Oral problems may occur with the use of tobacco. These may include:

  • sticky tar deposits or brown staining on the teeth
  • ‘smoker’s palate’ – red inflammation on the roof of the mouth
  • delayed healing of the gums
  • increased severity of gum disease
  • bad breath or halitosis
  • black hairy tongue
  • sores or lesions in the mouth
  • tooth loss
  • gum recession
  • increased risk of oral cancer

Hazards of Tobacco Use
One of the worst effects of tobacco use is oral (mouth) cancer. Approximately 75% of all oral cancers in North America are associated with tobacco use and alcohol consumption. The risk of oral cancer increases with the number of cigarettes smoked each day and the number of years a person has been smoking.

All tobacco products, including smokeless or spit tobacco, cigars, and pipes are associated with oral cancer.

Benefits of Tobacco Cessation
Oral cancer can be prevented by choosing to be a non-tobacco user. Ten years after stopping use, your risk is similar to that of a person who has never smoked.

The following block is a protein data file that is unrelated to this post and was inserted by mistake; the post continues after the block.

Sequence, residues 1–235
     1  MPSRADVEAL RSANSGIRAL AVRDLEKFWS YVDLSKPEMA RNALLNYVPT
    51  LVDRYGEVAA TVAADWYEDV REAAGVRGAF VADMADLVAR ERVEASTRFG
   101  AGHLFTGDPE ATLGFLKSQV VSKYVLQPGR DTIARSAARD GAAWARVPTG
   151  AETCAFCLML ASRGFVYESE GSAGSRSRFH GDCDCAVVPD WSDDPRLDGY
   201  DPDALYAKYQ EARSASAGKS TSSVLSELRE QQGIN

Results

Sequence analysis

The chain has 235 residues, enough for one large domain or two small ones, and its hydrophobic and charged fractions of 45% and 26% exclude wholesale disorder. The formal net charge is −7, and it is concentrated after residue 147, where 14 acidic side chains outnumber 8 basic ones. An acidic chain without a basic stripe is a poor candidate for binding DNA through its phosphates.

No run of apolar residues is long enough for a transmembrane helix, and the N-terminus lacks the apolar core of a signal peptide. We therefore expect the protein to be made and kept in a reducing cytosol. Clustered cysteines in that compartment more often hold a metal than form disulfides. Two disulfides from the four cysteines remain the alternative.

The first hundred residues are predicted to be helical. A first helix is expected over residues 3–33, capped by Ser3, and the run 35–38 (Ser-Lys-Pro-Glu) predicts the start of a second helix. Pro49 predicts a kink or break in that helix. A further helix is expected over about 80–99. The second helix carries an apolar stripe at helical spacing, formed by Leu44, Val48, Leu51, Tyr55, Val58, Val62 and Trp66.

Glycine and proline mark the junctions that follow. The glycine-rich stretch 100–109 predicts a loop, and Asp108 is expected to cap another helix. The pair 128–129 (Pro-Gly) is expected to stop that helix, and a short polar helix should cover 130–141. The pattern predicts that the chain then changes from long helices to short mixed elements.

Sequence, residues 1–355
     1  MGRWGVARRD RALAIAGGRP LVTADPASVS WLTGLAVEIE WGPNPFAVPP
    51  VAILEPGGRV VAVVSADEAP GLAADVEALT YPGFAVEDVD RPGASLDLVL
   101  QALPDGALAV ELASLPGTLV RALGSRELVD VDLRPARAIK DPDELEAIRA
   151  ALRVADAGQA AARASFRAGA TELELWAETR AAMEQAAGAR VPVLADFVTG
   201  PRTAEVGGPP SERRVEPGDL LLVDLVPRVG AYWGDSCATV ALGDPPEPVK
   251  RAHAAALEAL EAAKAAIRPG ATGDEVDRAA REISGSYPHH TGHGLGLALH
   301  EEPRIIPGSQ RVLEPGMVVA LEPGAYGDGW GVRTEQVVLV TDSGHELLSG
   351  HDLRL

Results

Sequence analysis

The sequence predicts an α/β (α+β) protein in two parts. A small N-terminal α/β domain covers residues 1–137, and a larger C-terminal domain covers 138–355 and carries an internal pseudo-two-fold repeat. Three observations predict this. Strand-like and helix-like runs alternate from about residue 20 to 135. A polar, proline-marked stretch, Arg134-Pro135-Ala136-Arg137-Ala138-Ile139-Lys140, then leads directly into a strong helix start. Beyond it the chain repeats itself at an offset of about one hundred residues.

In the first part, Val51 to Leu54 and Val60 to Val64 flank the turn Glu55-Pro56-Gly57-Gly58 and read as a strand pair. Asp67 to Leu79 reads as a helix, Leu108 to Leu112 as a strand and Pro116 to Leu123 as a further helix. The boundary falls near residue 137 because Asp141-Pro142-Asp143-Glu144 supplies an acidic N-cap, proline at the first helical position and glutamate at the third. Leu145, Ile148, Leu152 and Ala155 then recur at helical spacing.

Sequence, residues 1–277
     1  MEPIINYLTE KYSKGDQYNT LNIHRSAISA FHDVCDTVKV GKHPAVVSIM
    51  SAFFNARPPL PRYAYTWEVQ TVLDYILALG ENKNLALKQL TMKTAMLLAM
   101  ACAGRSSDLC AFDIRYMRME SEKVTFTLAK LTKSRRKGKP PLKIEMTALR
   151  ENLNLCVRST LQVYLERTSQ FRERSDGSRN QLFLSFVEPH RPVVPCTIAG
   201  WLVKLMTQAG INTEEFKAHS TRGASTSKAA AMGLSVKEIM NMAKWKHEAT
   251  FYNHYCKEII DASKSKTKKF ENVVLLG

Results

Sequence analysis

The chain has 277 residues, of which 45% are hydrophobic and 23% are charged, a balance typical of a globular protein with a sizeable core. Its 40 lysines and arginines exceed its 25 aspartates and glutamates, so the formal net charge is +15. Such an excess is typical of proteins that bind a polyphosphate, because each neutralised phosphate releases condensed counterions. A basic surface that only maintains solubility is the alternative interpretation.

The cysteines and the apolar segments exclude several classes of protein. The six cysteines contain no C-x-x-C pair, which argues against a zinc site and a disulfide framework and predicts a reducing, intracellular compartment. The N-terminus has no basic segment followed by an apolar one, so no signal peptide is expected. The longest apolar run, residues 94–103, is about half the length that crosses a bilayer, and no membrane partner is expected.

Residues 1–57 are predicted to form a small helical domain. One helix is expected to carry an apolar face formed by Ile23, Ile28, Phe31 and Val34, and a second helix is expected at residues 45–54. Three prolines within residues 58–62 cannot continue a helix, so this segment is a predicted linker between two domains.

Because tobacco is addictive, it can be difficult to quit. There may be temporary withdrawal symptoms, which may be decreased by using one of the following aids:

  • the nicotine patch
  • nicotine gum
  • nicotine inhaler
  • nicotine nasal spray

Some people may also benefit from participating in counselling or self-help groups. Some dental offices now offer tobacco cessation programs. Other program sources may be medical and nursing associations, heart and lung associations, or community centers.

Additional Links:


Smoking, Vaping & Tobacco – Government of Canada site

Smokers’ Helpline Works